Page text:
January 20, 2014
When a million people swarmed on to the streets of Brazil last June there was consensus that the protest was a phenomenon of the “new middle class” β squeezed by corruption and failing infrastructure. As the Thai protests continue, these too are labelled middle class: office workers staging flashmobs in their neat, pressed shirts.
But what does middle class mean in the developing world? About 3 billion people earn less than two dollars a day, but figures for the rest are hazy. Now, fresh research by the International Labour Organisation (ILO) economists shows in detail what’s been happening to the workforce of the global south during 25 years of globalisation: it is becoming more stratified β with the rapid growth of what they term “the developing middle class” β a group on between $4 and $13 a day. This group has grown from 600 million to 1.4 billion; if you include around 300 million on above $13 a day, that’s now 41% of the workforce, and on target to be over 50% by 2017. But in world terms they’re not really middle class at all. That $13 a day upper limit corresponds roughly to the poverty line in the US in 2005. So what’s going on?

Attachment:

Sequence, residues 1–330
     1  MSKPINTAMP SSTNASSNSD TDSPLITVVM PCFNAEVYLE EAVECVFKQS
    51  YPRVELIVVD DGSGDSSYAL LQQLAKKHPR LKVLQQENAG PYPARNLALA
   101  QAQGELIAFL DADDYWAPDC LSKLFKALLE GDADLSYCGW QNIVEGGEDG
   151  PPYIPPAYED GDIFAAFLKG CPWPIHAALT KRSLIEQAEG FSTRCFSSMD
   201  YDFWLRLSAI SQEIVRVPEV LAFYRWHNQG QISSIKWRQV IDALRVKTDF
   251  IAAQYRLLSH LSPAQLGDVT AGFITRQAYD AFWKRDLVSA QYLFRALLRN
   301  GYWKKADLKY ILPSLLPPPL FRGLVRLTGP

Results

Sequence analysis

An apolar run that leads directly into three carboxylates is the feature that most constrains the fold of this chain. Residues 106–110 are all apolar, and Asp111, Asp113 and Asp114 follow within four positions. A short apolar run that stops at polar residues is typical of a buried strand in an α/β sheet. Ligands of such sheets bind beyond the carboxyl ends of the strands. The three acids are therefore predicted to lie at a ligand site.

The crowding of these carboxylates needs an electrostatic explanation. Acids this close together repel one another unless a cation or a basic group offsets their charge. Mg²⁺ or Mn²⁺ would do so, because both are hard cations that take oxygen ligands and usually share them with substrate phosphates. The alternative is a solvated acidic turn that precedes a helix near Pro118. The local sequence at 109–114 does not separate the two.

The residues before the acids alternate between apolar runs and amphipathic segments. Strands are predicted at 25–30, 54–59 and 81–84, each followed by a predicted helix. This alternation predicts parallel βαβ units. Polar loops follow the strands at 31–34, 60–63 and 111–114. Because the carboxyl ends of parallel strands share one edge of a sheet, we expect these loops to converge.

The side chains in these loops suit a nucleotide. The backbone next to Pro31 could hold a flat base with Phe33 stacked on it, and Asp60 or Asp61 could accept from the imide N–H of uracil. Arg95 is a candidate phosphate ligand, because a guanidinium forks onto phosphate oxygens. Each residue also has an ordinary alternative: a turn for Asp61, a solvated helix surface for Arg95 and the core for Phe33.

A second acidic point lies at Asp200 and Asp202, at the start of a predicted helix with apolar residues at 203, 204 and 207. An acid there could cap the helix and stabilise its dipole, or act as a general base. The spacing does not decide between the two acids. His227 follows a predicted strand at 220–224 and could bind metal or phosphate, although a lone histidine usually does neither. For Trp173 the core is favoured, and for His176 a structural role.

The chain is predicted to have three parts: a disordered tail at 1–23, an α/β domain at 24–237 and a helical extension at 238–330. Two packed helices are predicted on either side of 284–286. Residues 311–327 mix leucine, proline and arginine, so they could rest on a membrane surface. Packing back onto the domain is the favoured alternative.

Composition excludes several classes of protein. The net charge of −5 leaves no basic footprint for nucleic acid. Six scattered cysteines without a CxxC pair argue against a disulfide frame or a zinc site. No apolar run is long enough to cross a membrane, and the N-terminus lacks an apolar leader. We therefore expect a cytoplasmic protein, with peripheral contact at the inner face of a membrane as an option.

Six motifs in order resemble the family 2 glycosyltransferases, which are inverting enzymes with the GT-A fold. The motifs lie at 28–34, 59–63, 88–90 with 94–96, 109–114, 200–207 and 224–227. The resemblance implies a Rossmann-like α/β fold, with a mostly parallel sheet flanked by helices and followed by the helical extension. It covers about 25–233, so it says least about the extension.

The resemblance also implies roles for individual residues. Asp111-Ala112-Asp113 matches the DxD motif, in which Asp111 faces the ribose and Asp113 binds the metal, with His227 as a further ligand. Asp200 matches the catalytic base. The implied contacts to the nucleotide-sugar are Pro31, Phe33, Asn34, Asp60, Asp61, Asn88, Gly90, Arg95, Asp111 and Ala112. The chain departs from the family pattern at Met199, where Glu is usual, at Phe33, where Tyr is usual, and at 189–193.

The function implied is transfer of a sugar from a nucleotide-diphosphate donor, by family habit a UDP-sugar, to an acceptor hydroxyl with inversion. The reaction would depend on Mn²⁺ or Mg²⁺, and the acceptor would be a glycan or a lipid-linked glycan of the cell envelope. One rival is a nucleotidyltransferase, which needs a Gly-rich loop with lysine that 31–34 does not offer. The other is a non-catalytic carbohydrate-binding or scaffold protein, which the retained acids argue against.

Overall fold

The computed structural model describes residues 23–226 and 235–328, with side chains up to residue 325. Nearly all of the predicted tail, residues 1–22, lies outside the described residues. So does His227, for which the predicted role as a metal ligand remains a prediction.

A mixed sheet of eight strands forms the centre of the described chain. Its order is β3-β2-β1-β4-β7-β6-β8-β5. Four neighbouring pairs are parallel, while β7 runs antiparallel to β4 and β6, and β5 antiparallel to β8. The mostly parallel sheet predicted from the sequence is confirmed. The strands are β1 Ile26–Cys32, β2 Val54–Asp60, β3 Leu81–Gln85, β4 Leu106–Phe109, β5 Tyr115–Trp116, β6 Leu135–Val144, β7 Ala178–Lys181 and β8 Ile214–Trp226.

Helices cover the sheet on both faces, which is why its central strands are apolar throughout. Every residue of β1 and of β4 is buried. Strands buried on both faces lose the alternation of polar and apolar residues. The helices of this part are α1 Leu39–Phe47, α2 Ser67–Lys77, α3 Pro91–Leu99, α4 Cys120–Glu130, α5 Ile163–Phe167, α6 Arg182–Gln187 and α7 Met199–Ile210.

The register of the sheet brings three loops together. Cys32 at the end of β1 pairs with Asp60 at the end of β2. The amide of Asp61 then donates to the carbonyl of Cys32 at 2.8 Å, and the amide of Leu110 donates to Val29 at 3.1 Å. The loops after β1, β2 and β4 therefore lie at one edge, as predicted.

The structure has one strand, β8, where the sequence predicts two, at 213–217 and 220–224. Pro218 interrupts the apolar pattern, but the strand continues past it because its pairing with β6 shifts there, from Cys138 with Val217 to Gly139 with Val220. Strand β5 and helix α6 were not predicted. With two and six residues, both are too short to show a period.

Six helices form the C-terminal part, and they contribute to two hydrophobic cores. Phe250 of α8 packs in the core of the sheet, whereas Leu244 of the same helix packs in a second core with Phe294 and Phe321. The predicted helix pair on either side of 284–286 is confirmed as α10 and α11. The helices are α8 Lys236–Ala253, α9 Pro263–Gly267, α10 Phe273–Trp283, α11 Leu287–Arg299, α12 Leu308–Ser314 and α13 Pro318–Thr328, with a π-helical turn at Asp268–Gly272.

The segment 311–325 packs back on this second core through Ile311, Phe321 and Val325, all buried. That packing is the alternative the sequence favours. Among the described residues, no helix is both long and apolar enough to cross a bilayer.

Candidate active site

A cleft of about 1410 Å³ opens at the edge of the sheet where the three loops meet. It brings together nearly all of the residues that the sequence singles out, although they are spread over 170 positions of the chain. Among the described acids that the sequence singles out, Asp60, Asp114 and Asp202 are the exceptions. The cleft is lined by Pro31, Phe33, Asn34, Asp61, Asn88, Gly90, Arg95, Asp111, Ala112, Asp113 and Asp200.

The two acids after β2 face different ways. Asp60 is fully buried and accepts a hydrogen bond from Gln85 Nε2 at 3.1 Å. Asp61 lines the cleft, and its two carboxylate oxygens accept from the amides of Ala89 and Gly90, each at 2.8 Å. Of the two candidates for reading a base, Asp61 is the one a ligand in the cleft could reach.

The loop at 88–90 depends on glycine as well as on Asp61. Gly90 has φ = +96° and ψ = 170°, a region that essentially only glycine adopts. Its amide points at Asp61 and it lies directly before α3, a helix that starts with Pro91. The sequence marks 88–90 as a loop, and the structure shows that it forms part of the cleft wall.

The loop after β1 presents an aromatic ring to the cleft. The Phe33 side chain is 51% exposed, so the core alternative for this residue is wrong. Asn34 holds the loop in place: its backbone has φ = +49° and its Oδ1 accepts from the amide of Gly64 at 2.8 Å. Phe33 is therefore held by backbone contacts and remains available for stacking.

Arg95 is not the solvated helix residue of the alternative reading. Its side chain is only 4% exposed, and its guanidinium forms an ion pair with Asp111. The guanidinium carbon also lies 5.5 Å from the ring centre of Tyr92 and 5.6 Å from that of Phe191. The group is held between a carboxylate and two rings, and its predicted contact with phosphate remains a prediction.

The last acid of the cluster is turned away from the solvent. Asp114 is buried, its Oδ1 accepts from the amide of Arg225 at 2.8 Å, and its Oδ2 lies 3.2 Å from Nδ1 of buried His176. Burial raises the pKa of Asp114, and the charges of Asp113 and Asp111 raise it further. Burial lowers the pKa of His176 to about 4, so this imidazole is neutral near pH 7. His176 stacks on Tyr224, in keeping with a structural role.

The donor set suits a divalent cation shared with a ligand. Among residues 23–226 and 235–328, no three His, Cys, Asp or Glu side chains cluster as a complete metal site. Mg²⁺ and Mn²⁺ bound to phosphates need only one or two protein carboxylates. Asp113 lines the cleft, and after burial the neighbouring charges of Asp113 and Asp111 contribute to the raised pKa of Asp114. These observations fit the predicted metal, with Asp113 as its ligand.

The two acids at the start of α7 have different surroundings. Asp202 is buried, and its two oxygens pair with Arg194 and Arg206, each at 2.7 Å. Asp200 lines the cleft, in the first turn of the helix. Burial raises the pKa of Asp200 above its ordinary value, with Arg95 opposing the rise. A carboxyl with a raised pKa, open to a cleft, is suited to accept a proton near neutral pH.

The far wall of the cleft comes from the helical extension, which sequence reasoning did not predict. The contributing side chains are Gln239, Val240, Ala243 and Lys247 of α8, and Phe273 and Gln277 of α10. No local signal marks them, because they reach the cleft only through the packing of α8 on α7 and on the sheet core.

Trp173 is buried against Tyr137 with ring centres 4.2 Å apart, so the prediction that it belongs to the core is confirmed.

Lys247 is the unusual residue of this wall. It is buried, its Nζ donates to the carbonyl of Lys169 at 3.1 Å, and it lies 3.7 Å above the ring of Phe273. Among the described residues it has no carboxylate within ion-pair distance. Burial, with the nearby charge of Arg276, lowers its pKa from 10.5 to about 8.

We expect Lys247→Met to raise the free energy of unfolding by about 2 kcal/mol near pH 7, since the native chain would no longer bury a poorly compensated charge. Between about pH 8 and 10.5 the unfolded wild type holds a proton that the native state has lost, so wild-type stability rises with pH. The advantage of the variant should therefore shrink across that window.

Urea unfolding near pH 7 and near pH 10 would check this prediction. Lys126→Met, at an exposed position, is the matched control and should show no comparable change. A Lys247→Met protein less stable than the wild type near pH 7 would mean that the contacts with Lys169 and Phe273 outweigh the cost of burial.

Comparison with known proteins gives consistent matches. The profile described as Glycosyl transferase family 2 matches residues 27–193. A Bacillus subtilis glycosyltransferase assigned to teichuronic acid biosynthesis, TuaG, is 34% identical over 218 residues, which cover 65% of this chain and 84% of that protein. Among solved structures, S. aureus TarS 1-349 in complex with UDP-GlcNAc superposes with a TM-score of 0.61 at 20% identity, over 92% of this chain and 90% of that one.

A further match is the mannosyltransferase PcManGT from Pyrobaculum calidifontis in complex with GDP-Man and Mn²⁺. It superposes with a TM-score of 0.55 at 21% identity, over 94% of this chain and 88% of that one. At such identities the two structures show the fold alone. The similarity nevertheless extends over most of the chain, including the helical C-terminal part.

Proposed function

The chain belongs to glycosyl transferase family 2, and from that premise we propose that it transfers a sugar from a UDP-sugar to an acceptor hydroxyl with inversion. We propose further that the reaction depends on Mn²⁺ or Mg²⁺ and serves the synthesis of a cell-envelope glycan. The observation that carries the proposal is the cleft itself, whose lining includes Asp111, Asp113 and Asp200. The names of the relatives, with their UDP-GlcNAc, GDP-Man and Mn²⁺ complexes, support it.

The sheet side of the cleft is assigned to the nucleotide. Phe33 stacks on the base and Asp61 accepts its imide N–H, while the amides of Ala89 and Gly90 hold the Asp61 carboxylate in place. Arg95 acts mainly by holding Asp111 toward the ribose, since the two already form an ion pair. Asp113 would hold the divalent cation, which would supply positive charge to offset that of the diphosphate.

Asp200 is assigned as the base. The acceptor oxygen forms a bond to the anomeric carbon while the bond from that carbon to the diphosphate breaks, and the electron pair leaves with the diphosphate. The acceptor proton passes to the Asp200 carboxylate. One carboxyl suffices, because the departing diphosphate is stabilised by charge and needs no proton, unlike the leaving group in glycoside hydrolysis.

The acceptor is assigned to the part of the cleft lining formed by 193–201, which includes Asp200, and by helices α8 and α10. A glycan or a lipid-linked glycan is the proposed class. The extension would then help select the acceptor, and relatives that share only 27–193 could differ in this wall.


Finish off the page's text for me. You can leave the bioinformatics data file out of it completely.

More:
The ILO researchers mined data from 61 household surveys across the world to come up with these figures. In the process they adopted a rough definition of the lifestyle of the sub-$13 group. The key markers were: families had access to savings and insurance, were likely to have a TV in the home and to live in smaller households (four people). They would typically spend 2% of their income on entertainment β plus they would have better access to water, sanitation and electricity. These, then, are the “winners” from globalisation: an expanding group for whom global growth has meant a serious rise in real income, year after year, compared with the recent near stagnation of incomes for working and lower-middle-class families in parts of the developed world.